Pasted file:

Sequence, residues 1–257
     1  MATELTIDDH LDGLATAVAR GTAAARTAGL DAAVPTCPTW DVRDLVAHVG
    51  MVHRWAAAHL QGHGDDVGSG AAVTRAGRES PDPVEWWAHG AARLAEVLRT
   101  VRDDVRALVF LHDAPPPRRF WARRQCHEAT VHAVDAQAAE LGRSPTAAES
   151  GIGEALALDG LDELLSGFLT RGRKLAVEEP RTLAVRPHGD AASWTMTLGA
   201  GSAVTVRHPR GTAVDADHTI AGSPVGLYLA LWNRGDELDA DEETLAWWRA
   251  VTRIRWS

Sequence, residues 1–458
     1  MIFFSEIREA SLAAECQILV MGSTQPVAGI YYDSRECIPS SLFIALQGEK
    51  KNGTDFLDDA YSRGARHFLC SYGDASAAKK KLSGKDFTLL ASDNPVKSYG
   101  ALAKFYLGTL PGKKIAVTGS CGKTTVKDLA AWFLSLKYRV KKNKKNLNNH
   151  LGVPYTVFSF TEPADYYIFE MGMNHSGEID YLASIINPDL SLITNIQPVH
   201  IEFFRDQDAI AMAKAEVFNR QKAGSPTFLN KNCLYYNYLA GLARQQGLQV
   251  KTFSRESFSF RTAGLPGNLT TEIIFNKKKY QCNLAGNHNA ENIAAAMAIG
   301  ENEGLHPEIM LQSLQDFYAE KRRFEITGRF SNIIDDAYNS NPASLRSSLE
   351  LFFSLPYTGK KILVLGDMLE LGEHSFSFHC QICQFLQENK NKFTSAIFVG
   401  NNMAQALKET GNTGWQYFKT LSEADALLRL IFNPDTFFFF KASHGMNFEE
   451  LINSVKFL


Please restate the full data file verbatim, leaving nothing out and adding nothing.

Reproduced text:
Sequence, residues 1–257
     1  MATELTIDDH LDGLATAVAR GTAAARTAGL DAAVPTCPTW DVRDLVAHVG
    51  MVHRWAAAHL QGHGDDVGSG AAVTRAGRES PDPVEWWAHG AARLAEVLRT
   101  VRDDVRALVF LHDAPPPRRF WARRQCHEAT VHAVDAQAAE LGRSPTAAES
   151  GIGEALALDG LDELLSGFLT RGRKLAVEEP RTLAVRPHGD AASWTMTLGA
   201  GSAVTVRHPR GTAVDADHTI AGSPVGLYLA LWNRGDELDA DEETLAWWRA
   251  VTRIRWS

Sequence, residues 1–458
     1  MIFFSEIREA SLAAECQILV MGSTQPVAGI YYDSRECIPS SLFIALQGEK
    51  KNGTDFLDDA YSRGARHFLC SYGDASAAKK KLSGKDFTLL ASDNPVKSYG
   101  ALAKFYLGTL PGKKIAVTGS CGKTTVKDLA AWFLSLKYRV KKNKKNLNNH
   151  LGVPYTVFSF TEPADYYIFE MGMNHSGEID YLASIINPDL SLITNIQPVH
   201  IEFFRDQDAI AMAKAEVFNR QKAGSPTFLN KNCLYYNYLA GLARQQGLQV
   251  KTFSRESFSF RTAGLPGNLT TEIIFNKKKY QCNLAGNHNA ENIAAAMAIG
   301  ENEGLHPEIM LQSLQDFYAE KRRFEITGRF SNIIDDAYNS NPASLRSSLE
   351  LFFSLPYTGK KILVLGDMLE LGEHSFSFHC QICQFLQENK NKFTSAIFVG
   401  NNMAQALKET GNTGWQYFKT LSEADALLRL IFNPDTFFFF KASHGMNFEE
   451  LINSVKFL